St. Petersburg deciphers tape recordings from Kursk submarine

Specialists from the St. Petersburg Center of Vocal Technologies have completed the deciphering of tape recordings made on board the nuclear submarine Kursk. On Friday, the results will be handed over to Russia's Military Prosecutor-General's Office.

According to German Zubov of the Center of Vocal Technologies, the Prosecutor-General's Office will get 14 tapes with voices of the crew as recorded by the submarine's tape recorders.

Specialists from the Prosecutor-General's Office are expected to go on with their work on materials supplied by the Center of Vocal Technologies, namely with hundreds of pages of written text and dozens of CDs. According to Zubov, they will analyse the information and make their conclusions.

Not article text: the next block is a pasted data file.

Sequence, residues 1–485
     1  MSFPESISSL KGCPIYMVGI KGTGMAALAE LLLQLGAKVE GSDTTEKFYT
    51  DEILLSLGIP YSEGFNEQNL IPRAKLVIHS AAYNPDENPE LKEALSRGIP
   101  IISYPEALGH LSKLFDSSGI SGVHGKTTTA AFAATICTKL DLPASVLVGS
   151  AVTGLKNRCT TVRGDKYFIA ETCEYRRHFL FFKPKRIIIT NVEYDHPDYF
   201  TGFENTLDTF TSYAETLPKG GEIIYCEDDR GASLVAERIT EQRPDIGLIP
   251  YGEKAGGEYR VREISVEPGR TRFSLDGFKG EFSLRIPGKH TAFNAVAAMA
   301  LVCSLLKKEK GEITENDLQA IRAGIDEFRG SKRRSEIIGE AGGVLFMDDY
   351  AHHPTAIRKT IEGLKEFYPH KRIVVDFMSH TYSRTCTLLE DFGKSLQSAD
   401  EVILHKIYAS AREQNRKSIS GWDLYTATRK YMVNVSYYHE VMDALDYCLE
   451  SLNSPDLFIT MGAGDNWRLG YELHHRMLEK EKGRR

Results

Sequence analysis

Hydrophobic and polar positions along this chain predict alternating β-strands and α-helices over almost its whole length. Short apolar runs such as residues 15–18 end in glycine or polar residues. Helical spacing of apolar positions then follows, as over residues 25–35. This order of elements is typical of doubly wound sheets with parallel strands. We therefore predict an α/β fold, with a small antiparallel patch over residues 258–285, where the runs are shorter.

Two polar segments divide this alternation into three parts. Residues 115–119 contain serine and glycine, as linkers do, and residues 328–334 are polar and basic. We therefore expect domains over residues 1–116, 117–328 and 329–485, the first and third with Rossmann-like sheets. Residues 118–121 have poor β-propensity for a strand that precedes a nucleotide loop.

Zubov said the recordings were brought to the Center in January of 2002 in the form of separate fragments and tangled-up pieces of tape. The first thing the Center did was clean the tapes, dry them, glue the pieces together and arrange them into bobbins. Further on, the recordings were translated into a digital format.

Experts managed to record not just the sounds but also the noises, which will also be analysed by the Military Prosecutor-General's Office, added Zubov.

Some of the work on the tapes was done beforehand. In April of 2002, they provided the Military Prosecutor-General's Office with eight deciphered tapes as recorded by the tape recorders of the sunken submarine.

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